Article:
Utah: Leavitt Leads Net Tax Charge

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Leavitt Leads Net Tax Charge

by Joanna Glasner

3:00 a.m. 8.Mar.2000 PST

REDWOOD CITY, California -- Utah Governor Mike Leavitt, a longtime opponent of tax exemptions for Internet sales, said he no longer expects government legislators to be the driving force in deciding how to regulate online purchases.

Instead Leavitt expects the push will come from offline retailers, who will resent privileges cut out for their Internet brethren.

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"The debate is not quite ripe yet because the major retail players are just starting to realize how unfair this is going to be to them," said Leavitt, speaking Tuesday at Oracle headquarters here.

He predicts major offline retailers will intensify lobbying campaigns early next year, when yet another huge spike in online gift purchases makes traditional stores worry about losing business to dot-coms.

As a member of the Advisory Commission on Electronic Commerce, a group of business and government leaders drafting recommendations for e-commerce policy, Leavitt has strongly opposed the tax exemptions currently enjoyed by online retailers.

He said it's unfair for online retailers to get a special exemption from paying taxes levied by local and state governments.

However, Leavitts views havent always meshed with others on the commission. In a draft advisory submitted in December, a subcommittee concluded that "at this time it does not appear that there is any compelling reason to impose taxes exclusively targeted at electronic commerce."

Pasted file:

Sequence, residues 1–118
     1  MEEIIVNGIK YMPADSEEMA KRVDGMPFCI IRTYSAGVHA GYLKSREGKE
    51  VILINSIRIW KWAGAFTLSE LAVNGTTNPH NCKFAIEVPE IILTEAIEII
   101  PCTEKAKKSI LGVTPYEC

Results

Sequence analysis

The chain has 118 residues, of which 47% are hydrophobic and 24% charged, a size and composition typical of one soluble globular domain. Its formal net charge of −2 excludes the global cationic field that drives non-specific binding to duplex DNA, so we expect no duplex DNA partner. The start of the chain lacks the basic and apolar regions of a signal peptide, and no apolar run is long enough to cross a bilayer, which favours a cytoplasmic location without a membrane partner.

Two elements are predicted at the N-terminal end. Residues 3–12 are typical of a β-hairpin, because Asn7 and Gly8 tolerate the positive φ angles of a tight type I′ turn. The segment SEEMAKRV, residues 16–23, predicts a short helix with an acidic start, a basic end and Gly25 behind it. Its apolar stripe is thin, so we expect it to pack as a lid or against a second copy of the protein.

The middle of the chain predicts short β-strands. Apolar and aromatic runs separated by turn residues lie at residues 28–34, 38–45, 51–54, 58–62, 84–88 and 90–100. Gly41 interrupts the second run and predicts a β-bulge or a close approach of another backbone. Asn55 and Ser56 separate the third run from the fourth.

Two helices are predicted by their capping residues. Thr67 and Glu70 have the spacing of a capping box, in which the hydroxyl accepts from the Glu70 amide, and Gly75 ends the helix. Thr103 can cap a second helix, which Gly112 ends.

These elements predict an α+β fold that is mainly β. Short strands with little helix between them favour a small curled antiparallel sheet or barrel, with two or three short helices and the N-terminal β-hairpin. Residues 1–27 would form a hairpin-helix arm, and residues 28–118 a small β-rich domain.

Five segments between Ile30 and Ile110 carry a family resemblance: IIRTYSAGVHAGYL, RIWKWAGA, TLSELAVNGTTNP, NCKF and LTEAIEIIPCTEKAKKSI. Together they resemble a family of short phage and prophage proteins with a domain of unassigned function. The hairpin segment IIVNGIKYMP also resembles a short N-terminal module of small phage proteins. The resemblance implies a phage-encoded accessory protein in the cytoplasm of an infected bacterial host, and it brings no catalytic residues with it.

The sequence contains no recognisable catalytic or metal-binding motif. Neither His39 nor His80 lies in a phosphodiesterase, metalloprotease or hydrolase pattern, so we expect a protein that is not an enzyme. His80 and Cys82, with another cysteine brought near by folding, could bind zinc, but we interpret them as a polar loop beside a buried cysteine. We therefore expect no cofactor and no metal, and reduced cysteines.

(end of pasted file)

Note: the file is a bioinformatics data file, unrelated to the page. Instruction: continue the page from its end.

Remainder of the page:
Leavitts comments, which coincided with Super Tuesday election primaries in 15 states and American Samoa, also came two weeks before the next advisory commission meeting, at which members are expected to lay out a report delineating guidelines for legislators.

The Utah governor declined to predict what the report would say. However, he did expect that it will have little if any impact on congressional legislation this year.

Although Congress will probably draft some e-commerce-related bills, Leavitt said he didnt expect any substantial legislation to pass in this image-conscious election year. That wont happen until next year at the earliest, when online gift buying surges another 400 percent, and traditional retailers realize they face a serious disadvantage from being forced to levy a 7 percent sales tax, he said.

"Theyre going to storm Capitol Hill with one phrase on their lips: level playing field," he said.

But dont expect it to be a simple issue of whether to tax or not to tax the Net.

Part of the problem will be defining what is an Internet purchase, especially for retailers who sell both online and in stores.

There are a variety of complex questions. For example: Does it count if a customer places an order over the Internet and picks it up at a store? Does granting a blanket tax exemption for online purchases motivate retailers and customers to try all kinds of creative maneuvers to avoid paying that extra 7 percent or so?

"What if they were to hook the Wal-Mart cash register to the Internet?" Leavitt asked.


-- Jen Bunker (
jen@bunkergroup.com), March 08, 2000

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